At Kid Risk, we focus on improving children's lives by understanding, characterizing, and communicating about the real risks that children face around the world, and on empowering policy makers, parents, kids, and others to use the best available information and analytical insights as we do our best for children. We recognize that managing risks is the key to realizing the best possible futures for everyone. Learn more about our mission and organization and meet our team.
Kid Risk currently focuses its research on managing the risks associated with polioviruses (read an overview) and characterizing the benefits of global investments in measles and rubella immunization. We receive funding for our research from the U.S. Centers for Disease Control and Prevention (CDC), the World Health Organization (WHO), and the Bill & Melinda Gates Foundation. Our research demonstrates that investments in public health save lives and money.
News - February 2019 - Check out a recent editorial by Dr. Thompson that asks: "What will it take to end fatalities from measles?" In December 2019, Dr. Thompson received the Distinguished Risk Analyst Award from the Society for Risk Anlaysis.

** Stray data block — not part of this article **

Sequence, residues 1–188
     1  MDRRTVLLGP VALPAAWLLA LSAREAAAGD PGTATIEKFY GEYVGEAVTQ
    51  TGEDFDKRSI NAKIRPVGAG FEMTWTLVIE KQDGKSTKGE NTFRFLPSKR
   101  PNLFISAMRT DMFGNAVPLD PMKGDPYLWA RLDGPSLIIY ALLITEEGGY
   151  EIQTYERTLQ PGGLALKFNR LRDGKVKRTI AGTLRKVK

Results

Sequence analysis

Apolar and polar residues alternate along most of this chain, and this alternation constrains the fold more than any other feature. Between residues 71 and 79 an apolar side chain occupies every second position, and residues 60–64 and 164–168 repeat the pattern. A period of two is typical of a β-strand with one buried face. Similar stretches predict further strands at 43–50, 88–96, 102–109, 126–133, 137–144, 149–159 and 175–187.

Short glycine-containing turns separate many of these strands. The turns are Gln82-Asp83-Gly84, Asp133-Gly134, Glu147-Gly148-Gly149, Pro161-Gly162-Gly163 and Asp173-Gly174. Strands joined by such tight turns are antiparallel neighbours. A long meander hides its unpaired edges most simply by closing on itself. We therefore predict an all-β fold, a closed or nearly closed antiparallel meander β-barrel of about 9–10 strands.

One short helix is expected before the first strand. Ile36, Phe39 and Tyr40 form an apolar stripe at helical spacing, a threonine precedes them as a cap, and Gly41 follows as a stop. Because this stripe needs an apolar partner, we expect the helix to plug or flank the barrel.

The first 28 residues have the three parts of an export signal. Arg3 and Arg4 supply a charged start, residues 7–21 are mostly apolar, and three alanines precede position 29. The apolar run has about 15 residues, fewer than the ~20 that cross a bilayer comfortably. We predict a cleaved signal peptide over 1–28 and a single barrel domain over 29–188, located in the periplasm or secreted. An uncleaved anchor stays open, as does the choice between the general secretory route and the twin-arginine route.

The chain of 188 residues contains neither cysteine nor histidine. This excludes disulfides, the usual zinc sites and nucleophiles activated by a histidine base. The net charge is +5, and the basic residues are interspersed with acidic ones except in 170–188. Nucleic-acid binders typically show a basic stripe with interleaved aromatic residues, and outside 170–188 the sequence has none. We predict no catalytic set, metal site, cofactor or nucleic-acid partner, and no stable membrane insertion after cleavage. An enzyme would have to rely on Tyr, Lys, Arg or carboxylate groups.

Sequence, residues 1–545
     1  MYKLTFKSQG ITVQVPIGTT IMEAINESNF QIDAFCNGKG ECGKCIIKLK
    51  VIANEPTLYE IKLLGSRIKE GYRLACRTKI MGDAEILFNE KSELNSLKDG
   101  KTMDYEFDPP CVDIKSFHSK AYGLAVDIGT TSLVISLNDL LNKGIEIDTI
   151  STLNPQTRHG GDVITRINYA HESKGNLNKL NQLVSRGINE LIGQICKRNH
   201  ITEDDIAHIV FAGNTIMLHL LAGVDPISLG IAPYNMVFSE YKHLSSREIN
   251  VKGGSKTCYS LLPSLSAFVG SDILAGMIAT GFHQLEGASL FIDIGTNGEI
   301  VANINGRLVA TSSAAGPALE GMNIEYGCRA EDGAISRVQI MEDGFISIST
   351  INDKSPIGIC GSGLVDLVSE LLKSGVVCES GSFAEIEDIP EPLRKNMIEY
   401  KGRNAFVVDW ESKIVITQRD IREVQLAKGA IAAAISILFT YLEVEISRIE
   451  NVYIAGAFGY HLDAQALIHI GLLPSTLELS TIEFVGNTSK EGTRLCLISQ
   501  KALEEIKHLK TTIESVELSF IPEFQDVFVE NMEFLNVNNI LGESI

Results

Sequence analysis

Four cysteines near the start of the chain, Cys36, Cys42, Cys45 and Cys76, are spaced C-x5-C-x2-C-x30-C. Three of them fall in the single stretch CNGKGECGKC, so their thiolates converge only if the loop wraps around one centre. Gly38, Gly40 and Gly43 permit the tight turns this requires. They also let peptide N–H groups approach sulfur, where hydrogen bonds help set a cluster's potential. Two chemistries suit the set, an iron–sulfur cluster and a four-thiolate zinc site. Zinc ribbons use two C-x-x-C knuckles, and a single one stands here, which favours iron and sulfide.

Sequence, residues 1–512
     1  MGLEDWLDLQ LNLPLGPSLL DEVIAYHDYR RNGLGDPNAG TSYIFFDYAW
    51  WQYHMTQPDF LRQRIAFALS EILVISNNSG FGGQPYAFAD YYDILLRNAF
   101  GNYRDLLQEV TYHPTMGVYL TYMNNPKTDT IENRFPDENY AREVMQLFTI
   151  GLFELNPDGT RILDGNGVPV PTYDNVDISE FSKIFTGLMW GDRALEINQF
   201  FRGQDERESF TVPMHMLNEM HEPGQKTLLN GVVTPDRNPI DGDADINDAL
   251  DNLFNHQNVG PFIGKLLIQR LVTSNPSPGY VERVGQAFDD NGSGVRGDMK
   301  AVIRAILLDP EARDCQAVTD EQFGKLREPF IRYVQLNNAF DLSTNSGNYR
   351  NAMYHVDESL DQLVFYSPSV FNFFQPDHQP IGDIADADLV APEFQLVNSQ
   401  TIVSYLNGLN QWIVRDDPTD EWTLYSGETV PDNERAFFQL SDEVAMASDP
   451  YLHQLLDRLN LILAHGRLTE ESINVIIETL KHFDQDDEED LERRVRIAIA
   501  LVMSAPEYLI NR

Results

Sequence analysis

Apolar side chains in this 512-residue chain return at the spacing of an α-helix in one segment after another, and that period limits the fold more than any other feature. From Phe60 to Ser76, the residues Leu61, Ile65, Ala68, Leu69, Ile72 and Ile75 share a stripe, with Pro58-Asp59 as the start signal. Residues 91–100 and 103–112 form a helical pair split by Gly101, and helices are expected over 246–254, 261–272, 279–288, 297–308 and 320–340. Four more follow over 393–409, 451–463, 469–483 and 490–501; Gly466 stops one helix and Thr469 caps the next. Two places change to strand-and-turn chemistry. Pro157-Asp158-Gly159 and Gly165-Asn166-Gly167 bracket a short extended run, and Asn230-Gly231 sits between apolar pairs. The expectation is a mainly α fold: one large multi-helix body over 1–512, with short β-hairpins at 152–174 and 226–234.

October 2018 - Read about our extensive research on polio and our recent analyses on poliovirus in Pakistan and Afghanistan including the importance of implementing proactive strategies to stop transmission, the potential for undetected circulation, and tradeoffs associated with different characteristics of the poliovirus surveillance system. We also estimated the costs of the updated costs of the Global Polio Laboratory Network and insights from modelling hard-to-reach subpopulations and confidence about the absence of transmission as it relates to certification of wild poliovirus eradication. You can also check out our other news and learn more about our research.
June 2018 - Watch Dr. Thompson briefly discuss the economic case for eradicating polio during a workshop at the National Academy of Medicine Forum for Microbial Threats meeting on Understanding the Economics of Microbial Threats.
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